So it was again a great conference, thanks to all speakers, attendees and sponsors for making this possible. I wish everyone not staying for the hackathon or Open Source camp “Save travels”. Slides, videos and pictures will be online in the near future. I hope to see you on next year’s OSMC on November, 4th – 7th!

Dirk Götz
Dirk Götz
Senior Consultant

Dirk ist Red Hat Spezialist und arbeitet bei NETWAYS im Bereich Consulting für Icinga, Puppet, Ansible, Foreman und andere Systems-Management-Lösungen. Früher war er bei einem Träger der gesetzlichen Rentenversicherung als Senior Administrator beschäftigt und auch für die Ausbildung der Azubis verantwortlich wie nun bei NETWAYS.

OSMC 2018 – Day 1

It is always the same, Winter is coming and it brings people to Nuremberg for OSMC. Our Open Source Monitoring conference still grows every year and after giving three parallel tracks a try last year, we changed format again to include also shorter talks and having always three tracks. It also gets more international and topics get more diverse, covering all different monitoring solutions with speakers (and attendees) from all over the worlds. Like every year also the 13th conference started with a day of workshops enabling the interested ones to get hands on Prometheus, Ansible, Graylog and practical example on using the Puppet modules for Icinga 2. Also this year two days of great talks will be followed by a day of hacking and the second issue of the Open Source Camp takes place, this time focusing on Puppet.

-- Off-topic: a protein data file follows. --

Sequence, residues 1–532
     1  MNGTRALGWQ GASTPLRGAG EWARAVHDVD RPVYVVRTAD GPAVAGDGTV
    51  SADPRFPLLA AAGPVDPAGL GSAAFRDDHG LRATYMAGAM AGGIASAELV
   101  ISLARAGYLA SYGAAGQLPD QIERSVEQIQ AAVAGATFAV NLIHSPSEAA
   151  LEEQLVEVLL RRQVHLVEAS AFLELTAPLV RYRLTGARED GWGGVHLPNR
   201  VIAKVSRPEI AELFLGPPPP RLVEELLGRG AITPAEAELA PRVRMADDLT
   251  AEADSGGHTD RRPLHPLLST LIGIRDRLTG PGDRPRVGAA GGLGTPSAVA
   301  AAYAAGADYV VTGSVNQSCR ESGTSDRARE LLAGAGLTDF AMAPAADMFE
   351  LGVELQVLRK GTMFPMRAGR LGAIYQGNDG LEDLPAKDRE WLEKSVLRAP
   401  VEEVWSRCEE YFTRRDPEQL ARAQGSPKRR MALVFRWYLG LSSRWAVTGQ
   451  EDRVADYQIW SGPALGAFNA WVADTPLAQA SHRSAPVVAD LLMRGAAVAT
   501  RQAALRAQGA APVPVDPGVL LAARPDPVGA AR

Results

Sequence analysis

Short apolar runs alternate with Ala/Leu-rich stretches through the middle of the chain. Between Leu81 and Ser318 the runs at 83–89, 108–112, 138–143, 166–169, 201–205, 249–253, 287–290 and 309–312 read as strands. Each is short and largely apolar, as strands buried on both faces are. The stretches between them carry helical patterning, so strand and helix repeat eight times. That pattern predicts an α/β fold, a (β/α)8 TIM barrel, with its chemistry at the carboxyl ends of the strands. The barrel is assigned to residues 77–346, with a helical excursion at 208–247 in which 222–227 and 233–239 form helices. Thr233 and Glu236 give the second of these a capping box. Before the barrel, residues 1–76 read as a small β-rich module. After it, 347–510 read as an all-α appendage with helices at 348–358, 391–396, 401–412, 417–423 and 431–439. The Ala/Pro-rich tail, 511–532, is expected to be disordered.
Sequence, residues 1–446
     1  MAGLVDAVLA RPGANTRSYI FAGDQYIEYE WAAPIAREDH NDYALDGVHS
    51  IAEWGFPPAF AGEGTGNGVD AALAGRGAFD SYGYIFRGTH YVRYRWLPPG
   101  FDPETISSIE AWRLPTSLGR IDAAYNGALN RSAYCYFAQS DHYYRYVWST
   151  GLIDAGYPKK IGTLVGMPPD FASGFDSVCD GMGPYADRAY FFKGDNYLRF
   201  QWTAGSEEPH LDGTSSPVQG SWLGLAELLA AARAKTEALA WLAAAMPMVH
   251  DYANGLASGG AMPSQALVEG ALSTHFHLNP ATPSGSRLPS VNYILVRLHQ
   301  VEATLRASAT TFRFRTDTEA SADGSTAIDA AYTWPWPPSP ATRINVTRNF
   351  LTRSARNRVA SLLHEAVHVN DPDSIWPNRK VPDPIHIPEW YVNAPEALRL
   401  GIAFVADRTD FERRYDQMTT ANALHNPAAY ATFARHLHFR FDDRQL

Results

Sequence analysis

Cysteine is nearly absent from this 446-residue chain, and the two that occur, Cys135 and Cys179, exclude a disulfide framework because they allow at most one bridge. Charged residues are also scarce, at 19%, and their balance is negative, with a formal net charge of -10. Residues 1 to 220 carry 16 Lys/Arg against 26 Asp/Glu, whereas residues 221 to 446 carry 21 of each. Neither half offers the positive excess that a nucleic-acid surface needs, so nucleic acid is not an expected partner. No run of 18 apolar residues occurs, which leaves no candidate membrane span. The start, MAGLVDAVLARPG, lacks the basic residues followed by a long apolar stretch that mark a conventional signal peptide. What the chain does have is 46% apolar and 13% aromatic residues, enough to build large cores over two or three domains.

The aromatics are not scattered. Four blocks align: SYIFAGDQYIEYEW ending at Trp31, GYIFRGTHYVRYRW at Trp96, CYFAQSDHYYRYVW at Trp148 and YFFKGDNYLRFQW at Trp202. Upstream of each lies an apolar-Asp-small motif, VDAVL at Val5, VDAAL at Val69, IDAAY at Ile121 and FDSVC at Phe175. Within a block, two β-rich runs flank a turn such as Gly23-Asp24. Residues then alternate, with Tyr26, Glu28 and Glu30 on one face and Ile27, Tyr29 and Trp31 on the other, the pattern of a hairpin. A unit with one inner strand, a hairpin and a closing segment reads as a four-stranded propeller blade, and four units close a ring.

OSMC 2018
And another tradition is Bernd starting the conference with a warm welcome before the first talk. Afterwards Michael Medin talked about his journey in monitoring and being a speaker at OSMC for the eleventh time in “10 years of OSMC: Why does my monitoring still look the same?“. It was a very entertaining talk comparing general innovation with the one happening in monitoring. He was showing up that monitoring solutions changed to reflect the change in culture but still stayed the same mechanism and explained all the problems we probably know like finding the correct metrics and interpreting them resulting from this.